Vince Carter wanted out of Toronto and got his wish yesterday, getting traded to the Nets for three players and two No. 1 picks in a deal that immediately raised the question:...

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INDIANAPOLIS — Vince Carter wanted out of Toronto and got his wish yesterday, getting traded to the Nets for three players and two No. 1 picks in a deal that immediately raised the question: Will Jason Kidd still want out of New Jersey?

The Nets sent Alonzo Mourning, Eric Williams, Aaron Williams and two first-round draft picks to the Raptors for Carter, a five-time All-Star whose production and popularity had tumbled in Toronto.

The Raptors has been exploring different trade options for weeks, though the Nets had not been one of the rumored destinations.

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In New Jersey, the big question this season has been whether the Nets might take another step in their breakup and deal away the disgruntled Kidd after trading Kenyon Martin and Kerry Kittles in the offseason.

“I hope this changes his mind a little bit. I hope he will give it a chance and see where it goes from here,” said Carter, Kidd’s teammate on the 2000 U.S. Olympic team.

Carter, out with a strained left Achilles injury, will not be in uniform tomorrow when the Nets play at Toronto.

Kidd, in Memphis, Tenn., with the Nets, sounded pleased by the trade but noncommittal about his future.

“I’m a Net until told otherwise,” Kidd said. “I’ve always asked to be competitive, to put a competitive team out there, and that’s what they’re trying to do.”

Mourning also was dissatisfied with the Nets’ offseason moves and had asked for a trade. He appeared in 18 games while making a comeback from a kidney transplant, averaging 10.4 points and 7.1 rebounds.

Eric Williams had been starting at small forward for New Jersey, while Aaron Williams had dropped out of the Nets’ rotation as a backup center.

All three former Nets will add much-needed size to the Raptors, who also received two of the first-round picks the Nets acquired from Denver in the Martin trade.

Carter, on the injured list with a strained left Achilles tendon, earned the nicknames “Air Canada” and “Half-Man, Half-Amazing” for his high-flying dunks, which breathed life into a moribund franchise and made him easily the biggest star to play in Canada since the NBA expanded there 10 years ago.

He spent all six-plus years of his career in Toronto and leaves the Raptors as the franchise leader in 10 categories, including scoring, three-pointers made and games started.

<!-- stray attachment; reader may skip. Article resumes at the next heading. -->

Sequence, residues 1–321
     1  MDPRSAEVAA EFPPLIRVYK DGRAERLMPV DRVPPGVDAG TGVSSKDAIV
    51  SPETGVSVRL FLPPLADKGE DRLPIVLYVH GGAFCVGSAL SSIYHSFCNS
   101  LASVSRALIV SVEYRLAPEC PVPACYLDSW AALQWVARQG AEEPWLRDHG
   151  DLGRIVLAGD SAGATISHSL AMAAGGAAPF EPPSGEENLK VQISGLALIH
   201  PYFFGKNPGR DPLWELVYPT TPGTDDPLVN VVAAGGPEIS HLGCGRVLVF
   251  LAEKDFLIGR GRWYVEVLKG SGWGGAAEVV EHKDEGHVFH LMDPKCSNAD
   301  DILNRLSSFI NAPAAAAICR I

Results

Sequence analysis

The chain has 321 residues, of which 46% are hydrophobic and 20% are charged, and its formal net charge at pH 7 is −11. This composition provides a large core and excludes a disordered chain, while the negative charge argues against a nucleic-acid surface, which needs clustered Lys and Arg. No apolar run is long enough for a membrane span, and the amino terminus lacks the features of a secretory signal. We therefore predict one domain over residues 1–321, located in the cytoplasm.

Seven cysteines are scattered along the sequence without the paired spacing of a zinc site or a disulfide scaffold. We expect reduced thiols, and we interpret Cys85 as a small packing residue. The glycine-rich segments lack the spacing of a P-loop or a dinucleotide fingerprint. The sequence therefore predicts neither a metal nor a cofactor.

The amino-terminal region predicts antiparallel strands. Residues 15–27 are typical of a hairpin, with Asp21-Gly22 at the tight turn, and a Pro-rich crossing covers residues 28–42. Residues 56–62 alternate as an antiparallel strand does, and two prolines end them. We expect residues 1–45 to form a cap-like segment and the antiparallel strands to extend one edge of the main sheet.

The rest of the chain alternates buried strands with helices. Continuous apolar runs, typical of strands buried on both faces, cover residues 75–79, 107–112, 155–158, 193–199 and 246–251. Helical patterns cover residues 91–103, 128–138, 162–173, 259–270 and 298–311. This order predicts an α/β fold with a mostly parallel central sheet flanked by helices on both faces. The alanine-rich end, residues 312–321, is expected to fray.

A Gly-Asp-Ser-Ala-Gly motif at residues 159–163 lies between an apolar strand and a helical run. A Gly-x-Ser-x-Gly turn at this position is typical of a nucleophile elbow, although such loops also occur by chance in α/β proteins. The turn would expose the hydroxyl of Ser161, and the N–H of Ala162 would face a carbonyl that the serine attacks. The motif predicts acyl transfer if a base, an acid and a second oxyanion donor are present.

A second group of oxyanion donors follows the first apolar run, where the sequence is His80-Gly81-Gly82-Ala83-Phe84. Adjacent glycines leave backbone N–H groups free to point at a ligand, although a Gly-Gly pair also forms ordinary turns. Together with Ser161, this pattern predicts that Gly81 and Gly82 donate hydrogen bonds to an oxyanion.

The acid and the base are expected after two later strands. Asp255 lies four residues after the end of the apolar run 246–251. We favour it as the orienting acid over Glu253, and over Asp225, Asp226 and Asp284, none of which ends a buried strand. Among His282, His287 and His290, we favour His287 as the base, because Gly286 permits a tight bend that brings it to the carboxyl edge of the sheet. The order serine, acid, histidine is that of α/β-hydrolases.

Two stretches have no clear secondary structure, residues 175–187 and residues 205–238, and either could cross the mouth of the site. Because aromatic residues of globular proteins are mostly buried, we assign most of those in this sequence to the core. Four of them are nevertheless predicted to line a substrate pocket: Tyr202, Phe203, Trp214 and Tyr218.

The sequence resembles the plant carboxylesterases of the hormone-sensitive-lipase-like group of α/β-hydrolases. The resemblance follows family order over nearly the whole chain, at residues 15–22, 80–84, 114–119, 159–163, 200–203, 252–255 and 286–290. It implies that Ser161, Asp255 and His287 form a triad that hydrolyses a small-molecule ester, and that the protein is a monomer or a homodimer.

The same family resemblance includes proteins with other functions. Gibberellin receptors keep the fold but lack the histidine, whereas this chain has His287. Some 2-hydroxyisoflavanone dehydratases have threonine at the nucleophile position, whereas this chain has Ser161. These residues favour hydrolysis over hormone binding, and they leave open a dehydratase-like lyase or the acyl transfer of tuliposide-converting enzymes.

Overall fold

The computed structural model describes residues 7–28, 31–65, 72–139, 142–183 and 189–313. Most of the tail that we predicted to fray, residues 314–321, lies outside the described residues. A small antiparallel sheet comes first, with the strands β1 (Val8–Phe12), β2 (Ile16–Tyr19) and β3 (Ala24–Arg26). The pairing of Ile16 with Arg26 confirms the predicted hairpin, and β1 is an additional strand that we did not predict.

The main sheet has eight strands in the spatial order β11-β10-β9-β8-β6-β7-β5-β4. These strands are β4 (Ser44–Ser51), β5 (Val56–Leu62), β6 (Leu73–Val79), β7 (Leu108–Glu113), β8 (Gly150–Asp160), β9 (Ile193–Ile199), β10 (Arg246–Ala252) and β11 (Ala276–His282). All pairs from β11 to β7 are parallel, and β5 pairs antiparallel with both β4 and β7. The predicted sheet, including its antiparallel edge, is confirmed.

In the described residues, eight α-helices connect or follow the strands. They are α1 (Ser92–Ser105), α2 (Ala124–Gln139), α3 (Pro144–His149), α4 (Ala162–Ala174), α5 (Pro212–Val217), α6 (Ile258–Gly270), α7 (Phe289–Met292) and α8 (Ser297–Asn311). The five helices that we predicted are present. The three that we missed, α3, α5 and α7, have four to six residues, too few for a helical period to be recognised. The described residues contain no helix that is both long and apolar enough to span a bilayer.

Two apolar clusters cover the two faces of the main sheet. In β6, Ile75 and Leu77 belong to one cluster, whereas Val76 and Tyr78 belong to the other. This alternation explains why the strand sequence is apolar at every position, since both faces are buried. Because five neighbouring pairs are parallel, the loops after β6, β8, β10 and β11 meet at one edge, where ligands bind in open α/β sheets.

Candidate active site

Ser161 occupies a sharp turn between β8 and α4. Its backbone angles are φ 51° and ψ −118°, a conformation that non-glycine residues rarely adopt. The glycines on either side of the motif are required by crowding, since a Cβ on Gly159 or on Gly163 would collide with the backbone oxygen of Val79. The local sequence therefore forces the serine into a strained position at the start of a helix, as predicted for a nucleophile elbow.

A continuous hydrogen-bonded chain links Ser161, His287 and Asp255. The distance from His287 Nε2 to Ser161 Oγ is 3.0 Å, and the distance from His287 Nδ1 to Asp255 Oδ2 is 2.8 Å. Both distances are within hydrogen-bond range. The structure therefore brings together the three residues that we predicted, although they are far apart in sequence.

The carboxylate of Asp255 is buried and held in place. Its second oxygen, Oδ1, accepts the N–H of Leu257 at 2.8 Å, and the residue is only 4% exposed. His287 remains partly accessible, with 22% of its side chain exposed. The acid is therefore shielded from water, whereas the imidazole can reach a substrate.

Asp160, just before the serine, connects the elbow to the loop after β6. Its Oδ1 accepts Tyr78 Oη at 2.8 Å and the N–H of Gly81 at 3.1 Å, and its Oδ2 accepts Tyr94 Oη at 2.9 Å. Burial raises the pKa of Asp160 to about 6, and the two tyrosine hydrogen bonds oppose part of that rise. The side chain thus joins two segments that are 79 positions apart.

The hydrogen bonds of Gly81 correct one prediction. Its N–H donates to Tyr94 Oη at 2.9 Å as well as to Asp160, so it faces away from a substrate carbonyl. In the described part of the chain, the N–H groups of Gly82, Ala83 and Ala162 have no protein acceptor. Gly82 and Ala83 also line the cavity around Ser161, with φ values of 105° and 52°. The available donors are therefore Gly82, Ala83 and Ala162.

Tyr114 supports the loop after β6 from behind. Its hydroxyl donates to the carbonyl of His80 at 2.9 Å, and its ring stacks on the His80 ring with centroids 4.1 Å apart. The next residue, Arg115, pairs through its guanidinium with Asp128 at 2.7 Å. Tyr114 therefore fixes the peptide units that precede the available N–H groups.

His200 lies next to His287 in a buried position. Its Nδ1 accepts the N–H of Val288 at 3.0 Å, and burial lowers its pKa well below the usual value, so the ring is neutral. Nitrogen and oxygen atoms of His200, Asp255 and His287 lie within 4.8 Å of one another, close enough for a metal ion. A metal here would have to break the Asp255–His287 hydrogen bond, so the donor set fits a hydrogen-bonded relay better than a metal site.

But his production has been on a slow decline since he averaged 27.6 points in 2000-01 and brought the Raptors within one victory of a trip to the conference finals. Carter has become less aggressive, often settling for jumpers rather than driving the ball and drawing contact, and he has been unable to shake a reputation of being a “soft” player.

Carter’s current averages of 15.9 points and 3.3 rebounds are career lows.

“The organization has been good to me and given me an opportunity to grow and make a name for myself,” Carter said. “Where it went wrong? I don’t know. I guess it just got to where it was time to move on.”

Carter is headed to a Nets team that sorely missed the athleticism it lost when Martin left for Denver in the offseason. With Kidd healthy again and Richard Jefferson on one wing, New Jersey has a chance to return to the up-tempo style that made it one of the top teams in the Eastern Conference.

“Vince said it to me that sometimes we just need a change of scenery,” Raptors general manager Rob Babcock said. “And this is probably a situation where it is the best thing for Vince and the best thing for us.”

It seemed inevitable that Carter would be traded, but that didn’t do much to soften the blow when the deal was announced.

“Any time you lose a guy like Vince, it’s a big blow,” Toronto forward Donyell Marshall said. “He was to Canada what Michael Jordan was to the Bulls.”

“I’m still just shocked,” Morris Peterson said. “Even with all the trade talks, it’s hard to believe.”

Nets president Rod Thorn said there was an outside chance Mourning would not report to Toronto because he wants to play for a contender.

“We did this trade knowing that his medical condition may mean that he never plays for us,” Babcock said. “We would do this trade regardless of whether he was in it or not.”

Mourning, a seven-time All-Star for the Hornets and Heat, played in a total of just 30 games for the Nets. Mourning underwent kidney transplant surgery on Dec. 19, 2003, causing him to miss the remainder of that season.